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Lebendige Vergangenheit - Four Famous Sopranos of the Past

Artist Viorica Ursuleac
Title Lebendige Vergangenheit - Four Famous Sopranos of the Past
Release Date 2006-09-12
Genre Classical > Choro
Copyright © Preiser Records
Country AUSTRIA

Promotion Text

Lebendige Vergangenheit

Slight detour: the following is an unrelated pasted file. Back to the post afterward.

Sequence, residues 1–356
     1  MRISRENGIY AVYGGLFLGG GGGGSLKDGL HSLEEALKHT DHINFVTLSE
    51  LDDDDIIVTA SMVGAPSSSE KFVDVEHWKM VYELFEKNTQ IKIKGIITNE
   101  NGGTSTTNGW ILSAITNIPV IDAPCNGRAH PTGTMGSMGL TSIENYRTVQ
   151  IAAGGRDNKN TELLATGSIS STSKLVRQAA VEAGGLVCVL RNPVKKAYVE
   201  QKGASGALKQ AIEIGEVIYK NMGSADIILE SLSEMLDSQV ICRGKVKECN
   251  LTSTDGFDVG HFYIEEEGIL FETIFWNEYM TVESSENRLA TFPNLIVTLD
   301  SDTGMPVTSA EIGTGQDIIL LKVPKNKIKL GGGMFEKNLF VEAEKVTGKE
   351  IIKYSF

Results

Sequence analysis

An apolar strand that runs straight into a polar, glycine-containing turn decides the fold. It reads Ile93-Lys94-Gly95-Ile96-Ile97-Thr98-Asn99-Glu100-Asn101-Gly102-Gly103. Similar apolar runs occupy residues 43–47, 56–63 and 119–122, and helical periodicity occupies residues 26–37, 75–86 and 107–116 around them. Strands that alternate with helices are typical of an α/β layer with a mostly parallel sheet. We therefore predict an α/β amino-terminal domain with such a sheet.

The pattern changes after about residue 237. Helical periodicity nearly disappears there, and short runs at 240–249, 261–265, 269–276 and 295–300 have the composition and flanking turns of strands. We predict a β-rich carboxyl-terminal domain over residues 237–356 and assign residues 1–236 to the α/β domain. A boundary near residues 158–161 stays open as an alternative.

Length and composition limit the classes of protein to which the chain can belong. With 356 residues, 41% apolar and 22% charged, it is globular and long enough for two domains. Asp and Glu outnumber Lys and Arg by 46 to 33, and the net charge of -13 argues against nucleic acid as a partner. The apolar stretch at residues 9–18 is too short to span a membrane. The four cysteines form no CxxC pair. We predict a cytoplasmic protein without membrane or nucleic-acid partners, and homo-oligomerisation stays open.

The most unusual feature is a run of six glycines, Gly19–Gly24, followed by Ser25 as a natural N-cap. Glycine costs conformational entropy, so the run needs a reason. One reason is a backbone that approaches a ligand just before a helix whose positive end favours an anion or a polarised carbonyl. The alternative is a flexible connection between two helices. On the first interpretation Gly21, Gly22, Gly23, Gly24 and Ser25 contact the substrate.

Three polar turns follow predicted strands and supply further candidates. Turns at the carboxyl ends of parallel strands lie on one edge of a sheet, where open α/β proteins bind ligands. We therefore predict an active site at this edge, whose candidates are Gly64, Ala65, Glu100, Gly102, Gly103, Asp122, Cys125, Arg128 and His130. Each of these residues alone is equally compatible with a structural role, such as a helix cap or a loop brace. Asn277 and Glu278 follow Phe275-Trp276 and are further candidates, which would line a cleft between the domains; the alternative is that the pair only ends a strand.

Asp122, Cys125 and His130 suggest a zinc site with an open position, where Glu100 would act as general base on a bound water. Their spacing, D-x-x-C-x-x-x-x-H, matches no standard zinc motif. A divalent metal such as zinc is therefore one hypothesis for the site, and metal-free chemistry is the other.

Viorica Ursuleac, the daughter of a Greek Orthodox deacon, was born on 26 March 1894 in Czernowitz. She got her musical training at the Conservatory of the City of Vienna, where her singing teacher was the well-known pedagogue Filip Forsten. Immediately after earning her performance diploma she got an engagement as an opera singer in Zagreb (1918). In 1921 she was at the Deutsches Theater in Czernowitz. At a concert she gave in Bucharest she was heard by the director of the Vienna Volksoper, Felix von Weingartner, who immediately hired her for his theatre. There she scored a series of brilliant successes between 1922 and 1926. Her Volksoper years were followed by five seasons at the opera house in Frankfurt am Main at the invitation of its director, Clemens Krauss. At this time she became acquainted with the renowned opera artist Lilli Lehmann, who provided her with valuable technical and acting advice. While in Frankfurt, she also had a guest contract with the Vienna State Opera; this led to further guest appearances and engagements there for the rest of her career. From 1931 to 1933 she was at the Dresden State Opera under the direction of Fritz Busch. In 1934 she followed Clemens Krauss to Berlin and in 1937 to Munich. She began singing at the Salzburg Festival in 1930, her roles including the Countess in "The Marriage of Figaro", Fiordiligi in "Cosl fan tutte", the Marschallin in "Der Rosen­ kavalier" and Helena in "Die ägyptische Helena". Her last appearance in Salzburg was in 1952, when she sang three of the "Four Last Songs" by Richard Strauss in an orchestral concert, accompanied - as almost always - by Clemens Krauss. After his death she ended her singing career. She taught for a few years at the Salzburg Mozarteum, but then retired to her home in the Tyrolean village of Ehrwald, where she died at the age of 91 on 22 October 1985. Hildegarde Ranczak was born on 20 December 1895 in Vitkovice, Moravia. She trained as a singer with Irene Schlemmer-Ambros at the Conservatory of the City of Vienna. Her debut was in 1919 as Pamina in "The Magic Flute" at the Düsseldorf Opera, where she remained under contract until 1923. From 1923 to 1925 she was at the Cologne Opera, and from 1926 to 1928 at the Stuttgart State Opera. She was engaged in 1928 by the Munich State Opera and remained a member of the company until 1944; she continued to appear as a guest in Munich and in 1950 she gave her farewell performance there as Carmen. There were highly successful guest appearances at many of Europe's major opera houses: the Vienna and Dresden state operas; in The Hague and Amsterdam; London's Covent Garden Opera in 1936 as Salome; the Paris Grand Opera in 1937 as Octavian in "Der Rosenkavalier"; the Rome Opera in 1940, and the Berlin State Opera. On 28 October 1942 she sang the role of Clairon in the world premiere of Richard Strauss's "Capriccio" in Munich. Stellar roles in Hildegarde Ranczak's broad repertoire included Carmen, Tosca, Salome, Octavian, the Dyer's Wife in "Die Frau ohne Schatten", Aithra in "Die ägyptische Helena" and Zdenka in "Arabella". In addition to four Telefunken records made in 1932 and two Grammophon records from 1942, there are two complete opera recordings with her in the cast: Puccini's "The Cloak" (with Peter Anders and Mathieu Ahlersmeyer) and "Tosca" (with Helge Rosvaenge and Georg Hann). Hildegarde Ranczak died in Munich in February 1987. Helena Braun was born on 20 March 1903 in Düsseldorf. She studied there and in Cologne, and made her debut in 1928 at the Stadttheater in Koblenz as an alto. In 1930 she went to the Bielefeld Stadttheater, in 1932 to the Stadttheater in Wuppertal, and in 1933 she joined the company of the State Theatre in Wiesbaden, where she stayed until 1940 and switched to high dramatic soprano roles. After 1940 she was a member of the Munich State Opera, and from 1939 to 1949 she was also engaged by the Vienna State Opera. In 1939 she sang Brünnhilde in "The Ring" at-the Zoppot Festival, andin 1941 the role of Ortrud in "Lohengrin". In 1941 she took on the role of Donna Anna in "Don Giovanni" at the Salzburg Festival and a year later the Count­ ess in "The Marriage of Figaro". Guest appearances took her to the state operas in Berlin, Hamburg and Stuttgart, to La Scala in Milan (Brünnhilde in "Die Walküre" in 1949), and to London's Covent Garden Opera. In 1950 she sang at the Grand Opera in Paris, in 1952 Brünnhilde in the Ring cycle at the Rome Opera, and in 1953 Ortrud at the Monte Carlo Opera. Helena Braun was married to the heroic baritone Ferdinand Frantz. When he got a contract from the Metropolitan Opera, she went with him to New York and sang at the Met as a guest artist, on one occasion stepping in for Helen Traubel as Brünnhilde in "Die Walküre". She was highly appreciated in dramatic roles, especially in Wagner operas. Helena Braun gave her farewell performance as Ortrud in 1959 in Munich. On 9 September 1990 she died in Sonthofen im Allgäu. Due to the wartime restrictions on the German recording industry, there are only two records from her best period. After the war she sang Ortrud in a complete recording of "Lohengrin". Radio and live recordings complete the documentation of her voice. Trude Eipperle was born on 12 August 1910 in Stuttgart. She attended the College of Music there, and in 1928 she was engaged by the Stuttgart State Opera as a trainee. In 1929 she went to the Wiesbaden State Theatre and shortly after that to the Stadttheater in Braunschweig where she broadened her repertoire. Her next engagement took …